Graphite handlebars

Discussion in 'rec.bicycles.rides archive' started by Gd, Mar 3, 2003.

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  1. Gd

    Gd Guest

    I just recently bought a used road bike that came with graphite handlebars. These are, I assume, not
    carbon. Anyone know what kind of strength I can expect from these things? Anybody ever used them?

    GD
     
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  2. Archer

    Archer Guest

    In article <[email protected]>, [email protected] says...
    > I just recently bought a used road bike that came with graphite handlebars. These are, I
    > assume, not carbon. Anyone know what kind of strength I can expect from these things? Anybody
    > ever used them?

    Graphite is a form of carbon, and I think the fibers used in "carbon" components are actually in the
    graphite form.

    --
    David Kerber An optimist says "Good morning, Lord." While a pessimist says "Good Lord,
    it's morning".

    Remove the ns_ from the address before e-mailing.
     
  3. Amh

    Amh Guest

    GD <[email protected]> wrote in message news:<[email protected]>...
    > I just recently bought a used road bike that came with graphite handlebars. These are, I
    > assume, not carbon. Anyone know what kind of strength I can expect from these things? Anybody
    > ever used them?
    >
    > GD

    Carbon fiber handlebars are popular on the racing circuit. If you believe the press Mario Cipolinni
    rides them and I've gotta believe he puts handlebars through a torture test coming down the final
    straight to a tdf finish. Hardly an endoursement for touring though but they appear plenty strong.

    If you are using a handlebar bag that clamps on to the handlebars I'd be a bit cautious about
    tightening the clamps. The guys on rec.bicycles.tech should have more knowledge about clamping them.

    my $0.02 Andy
     
  4. In article <[email protected]>, amh <[email protected]> wrote:
    >GD <[email protected]> wrote in message news:<[email protected]>...
    >> I just recently bought a used road bike that came with graphite handlebars. These are, I
    >> assume, not carbon. Anyone know what kind of strength I can expect from these things? Anybody
    >> ever used them?
    >>
    >> GD
    >
    >Carbon fiber handlebars are popular on the racing circuit. If you believe the press Mario Cipolinni
    >rides them and I've gotta believe he puts handlebars through a torture test coming down the final
    >straight to a tdf finish. Hardly an endoursement for touring though but they appear plenty strong.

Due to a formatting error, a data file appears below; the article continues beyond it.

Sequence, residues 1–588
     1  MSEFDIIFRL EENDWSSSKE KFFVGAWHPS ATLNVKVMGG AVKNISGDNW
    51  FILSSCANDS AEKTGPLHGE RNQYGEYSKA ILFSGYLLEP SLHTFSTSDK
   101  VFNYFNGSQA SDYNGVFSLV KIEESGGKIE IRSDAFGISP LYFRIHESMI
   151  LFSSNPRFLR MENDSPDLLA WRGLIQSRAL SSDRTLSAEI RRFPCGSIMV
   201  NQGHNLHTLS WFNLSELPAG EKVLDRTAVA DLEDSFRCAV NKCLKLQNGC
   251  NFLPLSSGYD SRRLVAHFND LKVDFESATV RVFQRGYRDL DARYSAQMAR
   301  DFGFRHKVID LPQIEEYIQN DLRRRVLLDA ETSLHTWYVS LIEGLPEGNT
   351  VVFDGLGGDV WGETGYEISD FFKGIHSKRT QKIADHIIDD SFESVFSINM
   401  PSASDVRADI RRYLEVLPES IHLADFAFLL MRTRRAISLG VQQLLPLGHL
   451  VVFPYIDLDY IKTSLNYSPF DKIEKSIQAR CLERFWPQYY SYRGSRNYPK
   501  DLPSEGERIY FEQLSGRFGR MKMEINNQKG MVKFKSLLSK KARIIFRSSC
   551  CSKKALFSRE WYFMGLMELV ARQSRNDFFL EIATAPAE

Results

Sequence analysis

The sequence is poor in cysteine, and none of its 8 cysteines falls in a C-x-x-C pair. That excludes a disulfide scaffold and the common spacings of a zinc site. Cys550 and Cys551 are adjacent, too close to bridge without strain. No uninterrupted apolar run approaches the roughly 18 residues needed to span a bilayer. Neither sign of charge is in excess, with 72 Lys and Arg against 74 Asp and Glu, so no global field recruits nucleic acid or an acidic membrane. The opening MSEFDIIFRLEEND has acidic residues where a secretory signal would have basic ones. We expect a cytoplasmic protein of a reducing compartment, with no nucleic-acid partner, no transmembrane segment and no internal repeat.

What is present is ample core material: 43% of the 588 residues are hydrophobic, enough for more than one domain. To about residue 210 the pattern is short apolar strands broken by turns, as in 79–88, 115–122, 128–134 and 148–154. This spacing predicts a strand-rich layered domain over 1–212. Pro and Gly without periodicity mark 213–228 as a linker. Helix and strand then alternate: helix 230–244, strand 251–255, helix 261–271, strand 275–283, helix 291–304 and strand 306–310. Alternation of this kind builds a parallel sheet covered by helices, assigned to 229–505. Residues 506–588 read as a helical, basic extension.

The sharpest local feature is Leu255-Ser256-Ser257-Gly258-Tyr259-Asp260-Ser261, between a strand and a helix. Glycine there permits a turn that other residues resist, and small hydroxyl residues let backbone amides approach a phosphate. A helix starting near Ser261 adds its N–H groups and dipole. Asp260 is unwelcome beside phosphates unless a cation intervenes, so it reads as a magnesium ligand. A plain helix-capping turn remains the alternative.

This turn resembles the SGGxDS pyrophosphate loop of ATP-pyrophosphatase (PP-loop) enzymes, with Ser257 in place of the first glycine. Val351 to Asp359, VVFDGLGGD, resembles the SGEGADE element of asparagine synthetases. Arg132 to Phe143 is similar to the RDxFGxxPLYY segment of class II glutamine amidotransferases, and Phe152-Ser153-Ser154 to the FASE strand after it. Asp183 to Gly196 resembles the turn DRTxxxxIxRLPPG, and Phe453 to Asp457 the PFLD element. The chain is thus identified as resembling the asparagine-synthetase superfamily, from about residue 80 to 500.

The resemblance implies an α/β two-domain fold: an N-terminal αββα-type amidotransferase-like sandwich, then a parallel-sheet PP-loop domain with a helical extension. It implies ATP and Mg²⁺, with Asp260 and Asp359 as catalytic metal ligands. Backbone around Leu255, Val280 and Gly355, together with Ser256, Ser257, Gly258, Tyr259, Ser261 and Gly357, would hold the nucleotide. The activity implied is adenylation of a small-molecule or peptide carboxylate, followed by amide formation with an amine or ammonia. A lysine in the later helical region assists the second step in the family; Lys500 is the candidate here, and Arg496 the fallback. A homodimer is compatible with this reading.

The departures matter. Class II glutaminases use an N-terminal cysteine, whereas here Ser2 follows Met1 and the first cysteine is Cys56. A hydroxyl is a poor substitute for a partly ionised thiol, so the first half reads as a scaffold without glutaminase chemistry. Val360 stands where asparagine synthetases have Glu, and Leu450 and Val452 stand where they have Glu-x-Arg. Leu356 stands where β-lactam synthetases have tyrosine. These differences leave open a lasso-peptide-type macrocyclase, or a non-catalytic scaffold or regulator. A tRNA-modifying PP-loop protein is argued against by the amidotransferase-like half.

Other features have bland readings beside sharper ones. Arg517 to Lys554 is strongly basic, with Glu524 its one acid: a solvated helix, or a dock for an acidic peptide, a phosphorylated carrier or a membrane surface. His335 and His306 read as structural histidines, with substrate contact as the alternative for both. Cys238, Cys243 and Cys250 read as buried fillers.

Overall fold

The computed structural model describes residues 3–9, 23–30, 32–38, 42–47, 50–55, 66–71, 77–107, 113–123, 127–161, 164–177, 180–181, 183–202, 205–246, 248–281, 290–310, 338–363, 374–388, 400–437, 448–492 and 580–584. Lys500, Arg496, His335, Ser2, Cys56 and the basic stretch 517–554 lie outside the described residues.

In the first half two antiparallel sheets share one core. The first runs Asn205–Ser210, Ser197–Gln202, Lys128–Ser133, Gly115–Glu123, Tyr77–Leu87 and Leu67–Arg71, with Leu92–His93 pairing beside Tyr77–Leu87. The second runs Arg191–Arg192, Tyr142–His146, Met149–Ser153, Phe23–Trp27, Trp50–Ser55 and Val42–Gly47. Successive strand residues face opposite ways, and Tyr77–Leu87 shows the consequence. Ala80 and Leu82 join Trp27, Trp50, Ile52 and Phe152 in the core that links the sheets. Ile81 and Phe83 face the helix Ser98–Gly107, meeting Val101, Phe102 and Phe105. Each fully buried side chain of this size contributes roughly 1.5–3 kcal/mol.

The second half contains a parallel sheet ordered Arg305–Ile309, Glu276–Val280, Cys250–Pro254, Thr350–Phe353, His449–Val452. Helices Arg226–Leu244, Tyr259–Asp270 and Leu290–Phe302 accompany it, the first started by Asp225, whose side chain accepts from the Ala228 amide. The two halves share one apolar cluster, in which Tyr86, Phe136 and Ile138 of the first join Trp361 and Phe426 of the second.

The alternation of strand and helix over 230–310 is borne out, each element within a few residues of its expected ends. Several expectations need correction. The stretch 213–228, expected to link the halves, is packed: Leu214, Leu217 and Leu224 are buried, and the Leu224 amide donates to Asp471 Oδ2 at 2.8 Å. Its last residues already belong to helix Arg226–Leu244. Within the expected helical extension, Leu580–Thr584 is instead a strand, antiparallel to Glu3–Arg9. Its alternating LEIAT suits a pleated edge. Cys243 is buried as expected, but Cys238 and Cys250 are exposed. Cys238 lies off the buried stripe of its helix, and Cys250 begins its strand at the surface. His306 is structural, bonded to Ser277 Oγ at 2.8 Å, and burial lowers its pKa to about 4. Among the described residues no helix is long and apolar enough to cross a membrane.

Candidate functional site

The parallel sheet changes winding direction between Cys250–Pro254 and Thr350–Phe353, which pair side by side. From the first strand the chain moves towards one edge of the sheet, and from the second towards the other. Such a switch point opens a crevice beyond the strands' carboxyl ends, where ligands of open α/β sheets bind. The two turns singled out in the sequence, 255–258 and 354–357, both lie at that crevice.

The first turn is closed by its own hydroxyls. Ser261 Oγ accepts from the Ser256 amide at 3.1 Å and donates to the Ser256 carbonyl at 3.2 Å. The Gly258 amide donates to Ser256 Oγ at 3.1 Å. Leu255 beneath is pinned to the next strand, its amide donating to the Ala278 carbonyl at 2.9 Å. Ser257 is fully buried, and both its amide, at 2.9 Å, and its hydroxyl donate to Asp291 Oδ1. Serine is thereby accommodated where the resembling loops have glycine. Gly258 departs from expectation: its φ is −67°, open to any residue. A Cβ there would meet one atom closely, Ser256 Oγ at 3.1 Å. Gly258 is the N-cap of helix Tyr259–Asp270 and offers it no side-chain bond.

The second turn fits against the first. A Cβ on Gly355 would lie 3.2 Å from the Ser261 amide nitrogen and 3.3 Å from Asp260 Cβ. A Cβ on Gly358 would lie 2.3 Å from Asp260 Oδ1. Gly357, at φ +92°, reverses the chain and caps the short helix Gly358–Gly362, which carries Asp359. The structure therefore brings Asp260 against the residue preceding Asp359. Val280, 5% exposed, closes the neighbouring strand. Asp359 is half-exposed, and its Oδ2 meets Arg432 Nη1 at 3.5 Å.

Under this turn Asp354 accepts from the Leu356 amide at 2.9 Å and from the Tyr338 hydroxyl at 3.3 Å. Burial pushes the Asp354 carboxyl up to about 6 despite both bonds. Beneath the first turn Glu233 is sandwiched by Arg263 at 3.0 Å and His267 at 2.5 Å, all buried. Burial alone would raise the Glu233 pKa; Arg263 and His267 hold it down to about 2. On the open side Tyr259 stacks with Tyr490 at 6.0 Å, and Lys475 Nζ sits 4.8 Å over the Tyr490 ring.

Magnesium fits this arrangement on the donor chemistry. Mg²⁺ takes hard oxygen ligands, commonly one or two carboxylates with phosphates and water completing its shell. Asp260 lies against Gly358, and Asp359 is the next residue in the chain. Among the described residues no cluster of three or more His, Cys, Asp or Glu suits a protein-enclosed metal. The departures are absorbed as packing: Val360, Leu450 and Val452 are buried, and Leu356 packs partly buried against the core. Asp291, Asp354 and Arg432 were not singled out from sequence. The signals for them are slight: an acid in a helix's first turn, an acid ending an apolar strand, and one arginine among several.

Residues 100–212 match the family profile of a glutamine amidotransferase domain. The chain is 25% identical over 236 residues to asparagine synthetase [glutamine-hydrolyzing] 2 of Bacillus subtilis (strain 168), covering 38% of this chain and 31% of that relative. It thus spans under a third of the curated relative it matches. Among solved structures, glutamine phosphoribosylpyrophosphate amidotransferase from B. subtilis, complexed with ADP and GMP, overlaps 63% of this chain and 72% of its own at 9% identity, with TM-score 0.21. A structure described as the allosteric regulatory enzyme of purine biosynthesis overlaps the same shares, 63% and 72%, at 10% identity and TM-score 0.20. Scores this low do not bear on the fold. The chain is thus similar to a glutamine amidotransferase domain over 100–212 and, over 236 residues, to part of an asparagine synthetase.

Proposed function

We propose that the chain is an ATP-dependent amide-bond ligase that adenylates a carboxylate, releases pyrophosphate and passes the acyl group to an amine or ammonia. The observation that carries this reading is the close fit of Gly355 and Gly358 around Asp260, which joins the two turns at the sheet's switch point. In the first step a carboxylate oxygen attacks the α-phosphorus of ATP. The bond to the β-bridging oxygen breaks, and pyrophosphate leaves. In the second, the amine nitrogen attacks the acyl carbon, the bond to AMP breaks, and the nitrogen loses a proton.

I wonder how often Mario's bars get inspected compared to the typical bicycle enthusiast...?

    --Paul
     
  5. Amh

    Amh Guest

    [email protected] (Paul Southworth) wrote in message
    news:<VQ49a.33180$A%[email protected]>...
    > In article <[email protected]>, amh <[email protected]> wrote:
    > >GD <[email protected]> wrote in message news:<[email protected]>...
    > >> I just recently bought a used road bike that came with graphite handlebars. These are, I
    > >> assume, not carbon. Anyone know what kind of strength I can expect from these things? Anybody
    > >> ever used them?
    > >>
    > >> GD
    > >
    > >Carbon fiber handlebars are popular on the racing circuit. If you believe the press Mario
    > >Cipolinni rides them and I've gotta believe he puts handlebars through a torture test coming down
    > >the final straight to a tdf finish. Hardly an endoursement for touring though but they appear
    > >plenty strong.
    >
    > I wonder how often Mario's bars get inspected compared to the typical bicycle enthusiast...?
    >
    > --Paul

    Good point. Probably as often as his blood.

    However I've got a 1993 Trek 2300 that has carbon main triangle still riding it today. Carbon has a
    good reptuation (with me at least) for handling stress. This includes riding and having the bike
    fall off my roof rack as I was driving.

    Everything should always be checked frequently.

    Andy
     
  6. In article <[email protected]>, amh <[email protected]> wrote:
    >
    >However I've got a 1993 Trek 2300 that has carbon main triangle still riding it today. Carbon has a
    >good reptuation (with me at least) for handling stress.

    I have seen plenty of failures of glued Treks and other similar frames and they don't usually create
    the same sort of hazard you get when a fork or handlebar fails. A lugged carbon bike like that may
    crack or pop a joint open but a similar failure of a fork or handlebar is a lot more likely to end
    with blood on the road.
     
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